Max is mad about sport. As he gets up, has breakfast and heads off to school, he is dreaming of competing in world class sporting events. In his real day, he and his class win the school football match and, in his imagination, he and his friends are winning the World Cup. This is a lively and fun approach to sport, and a very inclusive picture book showing disabled children and children without disabilities enjoying different sports together in a natural way. The sports include football, rugby, athletics, cricket, diving, discus throwing and cycling.
ALEX STRICK has taught (EFL) and worked in children's play/youthwork. She has considerable experience of working directly with disabled children and managing projects seeking to develop equality and inclusion. She has also worked in the children's book world for much of the past fifteen years. At Booktrust, she managed programmes like Bookstart and Children's Book Week, was deputy executive director and regularly reviewed children's books for the Guardian. She is now a consultant to Booktruston all aspects of disability and diversity, as well as working with various other agencies and charities (she is co-founder of Outside In, the UK organisation dedicated to exploring books from around the world). She is regularly asked to talk at events and conferences and has been commissioned to design and deliver training courses for writers, illustrators and publishers on accessible and inclusive books, both in the UK and internationally.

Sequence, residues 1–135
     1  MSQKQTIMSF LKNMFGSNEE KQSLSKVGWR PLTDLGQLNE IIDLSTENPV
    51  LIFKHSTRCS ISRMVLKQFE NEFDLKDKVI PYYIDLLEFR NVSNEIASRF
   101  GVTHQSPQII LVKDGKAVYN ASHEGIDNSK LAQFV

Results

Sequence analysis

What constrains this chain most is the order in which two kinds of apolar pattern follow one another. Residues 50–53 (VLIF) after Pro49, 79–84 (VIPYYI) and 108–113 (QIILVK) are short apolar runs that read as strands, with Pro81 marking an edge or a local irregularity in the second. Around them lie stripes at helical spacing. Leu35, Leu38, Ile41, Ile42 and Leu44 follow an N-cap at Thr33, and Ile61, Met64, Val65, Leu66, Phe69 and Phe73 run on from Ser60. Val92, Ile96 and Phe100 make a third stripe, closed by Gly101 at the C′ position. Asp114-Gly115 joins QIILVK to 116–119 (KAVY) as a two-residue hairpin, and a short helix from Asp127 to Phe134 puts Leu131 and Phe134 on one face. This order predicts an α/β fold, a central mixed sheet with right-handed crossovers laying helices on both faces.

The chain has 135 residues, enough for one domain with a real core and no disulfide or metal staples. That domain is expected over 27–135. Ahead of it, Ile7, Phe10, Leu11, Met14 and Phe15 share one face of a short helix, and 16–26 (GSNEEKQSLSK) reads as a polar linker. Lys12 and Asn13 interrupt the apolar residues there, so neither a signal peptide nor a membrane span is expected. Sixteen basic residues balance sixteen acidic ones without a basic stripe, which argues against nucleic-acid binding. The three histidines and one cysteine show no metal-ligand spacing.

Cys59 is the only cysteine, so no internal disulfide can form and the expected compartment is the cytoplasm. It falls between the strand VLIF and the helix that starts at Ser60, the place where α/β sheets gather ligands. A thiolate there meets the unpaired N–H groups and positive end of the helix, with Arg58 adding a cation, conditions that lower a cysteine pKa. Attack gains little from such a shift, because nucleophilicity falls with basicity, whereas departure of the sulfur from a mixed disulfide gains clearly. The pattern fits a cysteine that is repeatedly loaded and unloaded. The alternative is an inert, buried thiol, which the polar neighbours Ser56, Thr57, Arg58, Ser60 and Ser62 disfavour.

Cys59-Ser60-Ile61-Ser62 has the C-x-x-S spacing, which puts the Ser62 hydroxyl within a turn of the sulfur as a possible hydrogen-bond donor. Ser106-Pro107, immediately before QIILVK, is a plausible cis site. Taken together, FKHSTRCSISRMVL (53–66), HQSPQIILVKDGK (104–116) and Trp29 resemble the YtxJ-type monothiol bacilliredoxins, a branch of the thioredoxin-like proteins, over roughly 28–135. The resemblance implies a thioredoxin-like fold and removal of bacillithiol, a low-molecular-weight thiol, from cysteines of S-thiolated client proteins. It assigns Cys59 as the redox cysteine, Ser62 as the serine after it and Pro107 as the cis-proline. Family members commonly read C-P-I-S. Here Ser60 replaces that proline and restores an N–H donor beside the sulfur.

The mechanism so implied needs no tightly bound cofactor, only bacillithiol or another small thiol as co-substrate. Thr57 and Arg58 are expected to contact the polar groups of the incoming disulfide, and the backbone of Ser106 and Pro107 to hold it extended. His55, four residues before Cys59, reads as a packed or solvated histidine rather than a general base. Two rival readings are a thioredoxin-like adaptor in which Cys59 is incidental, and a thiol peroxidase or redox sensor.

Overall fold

ROS ASQUITH has been a Guardian cartoonist for 20 years, and has written and illustrated over 70 books for young people, including the bestseller The Great Big Book of Families, with Mary Hoffman, the Teenage Worrier series, Letters from an Alien Schoolboy-which was shortlisted for the Roald Dahl Funny Prize- and her debut picture story book It’s Not Fairy. Ros lives in north London with her husband and two sons. For more information about Ros, visit her website: www.rosasquith.co.uk
SEAN STOCKDALE is an ex-teacher who is now Communications Manager for NASEN. He has extensive experience of working with disabled children and promoting equality and inclusion.